Many students and families opt to hire an independent  college counselor to supplement the support they receive from their high school counselor. So, how do you pick the right college consultant for you?

College admissions counselor

Always request a preliminary meeting or phone conversation with any counselor you are considering. These questions will help you decide if a particular counselor is the right choice for your family.

Who’s who?

Does your college counselor work solo or would you have access to team of coaches? What is everyone’s role, and who would be your go-to contact?

How accessible are they?

How often will you meet your admissions counselor, either virtually or in-person? Are you able to contact them between meetings for quick questions? Applying to college can be overwhelming, and knowing you have a coach in your corner for advice and encouragement can make a huge difference.

Are they dedicated to helping you find YOUR best-fit college?

The right college for you is not necessarily the most prestigious school or the school where your parents or older siblings went. Instead, it’s the school that is the best fit for your unique personality, goals, and interests. Your college counselor should be serious about getting to know you, so they can help you find (and get into!) your dream school.

What services do they offer?

A good independent counselor should be upfront about rates and services, but if they don’t offer this information make sure to ask! College counselors may offer any of the following services:

  • College search
  • Final college list
  • Strategy sessions related to:
    • Sending SAT/ACT scores
    • Senior year courses
    • Extracurricular activities
    • Teacher recommendation letters
    • Early decision or early action applications
  • Application and essay review
  • College interview prep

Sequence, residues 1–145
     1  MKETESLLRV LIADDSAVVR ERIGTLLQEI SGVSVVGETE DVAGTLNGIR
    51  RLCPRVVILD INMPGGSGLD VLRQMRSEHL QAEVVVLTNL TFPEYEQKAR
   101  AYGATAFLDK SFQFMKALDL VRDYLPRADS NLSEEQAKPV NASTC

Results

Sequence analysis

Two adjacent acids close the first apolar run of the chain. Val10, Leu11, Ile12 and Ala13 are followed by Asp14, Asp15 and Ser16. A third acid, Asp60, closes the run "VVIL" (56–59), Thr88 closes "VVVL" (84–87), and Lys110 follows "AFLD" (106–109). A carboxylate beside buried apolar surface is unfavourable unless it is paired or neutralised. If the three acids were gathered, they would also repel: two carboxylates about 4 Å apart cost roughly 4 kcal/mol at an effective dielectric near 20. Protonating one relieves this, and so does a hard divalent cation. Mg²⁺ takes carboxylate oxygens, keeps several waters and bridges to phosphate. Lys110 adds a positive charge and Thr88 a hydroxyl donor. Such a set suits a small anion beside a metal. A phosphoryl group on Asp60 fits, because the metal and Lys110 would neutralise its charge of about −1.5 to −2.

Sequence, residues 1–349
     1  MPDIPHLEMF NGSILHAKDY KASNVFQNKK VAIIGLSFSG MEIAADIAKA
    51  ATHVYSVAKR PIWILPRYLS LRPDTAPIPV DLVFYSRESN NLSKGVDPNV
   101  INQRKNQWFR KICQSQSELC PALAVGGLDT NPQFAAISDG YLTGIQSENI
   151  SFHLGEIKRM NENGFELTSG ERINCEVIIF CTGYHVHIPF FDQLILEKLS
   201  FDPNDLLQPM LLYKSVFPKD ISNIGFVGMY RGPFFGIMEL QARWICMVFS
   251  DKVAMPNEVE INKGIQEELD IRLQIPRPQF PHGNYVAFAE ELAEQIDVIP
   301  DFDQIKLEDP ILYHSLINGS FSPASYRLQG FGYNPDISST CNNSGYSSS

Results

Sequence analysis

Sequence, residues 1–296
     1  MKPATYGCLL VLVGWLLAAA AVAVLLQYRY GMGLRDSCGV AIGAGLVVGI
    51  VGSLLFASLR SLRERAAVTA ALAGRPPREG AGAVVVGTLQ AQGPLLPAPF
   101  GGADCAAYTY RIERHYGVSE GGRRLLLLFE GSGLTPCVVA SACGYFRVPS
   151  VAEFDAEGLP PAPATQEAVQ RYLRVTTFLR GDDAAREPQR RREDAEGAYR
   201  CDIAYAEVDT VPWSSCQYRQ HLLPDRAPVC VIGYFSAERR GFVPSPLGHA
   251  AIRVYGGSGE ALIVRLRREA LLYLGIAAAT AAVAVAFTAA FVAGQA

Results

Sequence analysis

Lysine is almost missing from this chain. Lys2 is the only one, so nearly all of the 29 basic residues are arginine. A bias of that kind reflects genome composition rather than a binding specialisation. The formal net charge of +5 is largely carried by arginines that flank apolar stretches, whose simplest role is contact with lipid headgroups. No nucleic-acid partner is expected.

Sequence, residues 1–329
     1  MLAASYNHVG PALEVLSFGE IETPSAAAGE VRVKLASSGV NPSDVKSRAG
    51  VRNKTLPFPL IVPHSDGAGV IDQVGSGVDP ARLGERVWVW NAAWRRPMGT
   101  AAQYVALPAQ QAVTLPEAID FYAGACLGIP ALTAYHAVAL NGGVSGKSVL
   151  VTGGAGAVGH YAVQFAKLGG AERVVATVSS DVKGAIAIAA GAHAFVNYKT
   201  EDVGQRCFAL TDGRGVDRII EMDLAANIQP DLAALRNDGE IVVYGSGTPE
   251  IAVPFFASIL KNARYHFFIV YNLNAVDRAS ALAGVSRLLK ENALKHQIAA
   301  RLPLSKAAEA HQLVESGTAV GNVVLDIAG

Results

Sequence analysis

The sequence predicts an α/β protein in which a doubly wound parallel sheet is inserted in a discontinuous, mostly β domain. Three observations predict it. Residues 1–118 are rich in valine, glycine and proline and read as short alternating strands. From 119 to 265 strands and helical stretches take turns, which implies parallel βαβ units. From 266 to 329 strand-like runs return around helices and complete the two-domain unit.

• FAFSA  and financial aid advice
  • College decisions

What about financial aid?

Getting into college is one thing. Paying for college is another adventure entirely. A smart financial aid plan should factor into every stage of the college process. Ask any potential college counselors about their financial aid strategy. 

What is their background in college admissions?

Be on the lookout for credentials as well as real-world experience. Many private counselors have worked in college admission offices or have counseled at the high school level. Look for degrees in Counseling and Higher Ed, membership in national organizations like IECA (Independent Educational Consultant Association) or NACAC (National Association for College Admission Counseling), and certification from an accredited counseling program.

What is their track record?

Private college counselors will often brag their clients' acceptances on their websites. You can also ask: How many of their students were accepted to their dream schools? What do former clients have to say about working with them? 

In the end, you'll know an admissions counselor is a good fit if they make you feel comfortable and challenge you to present your best self to colleges. 


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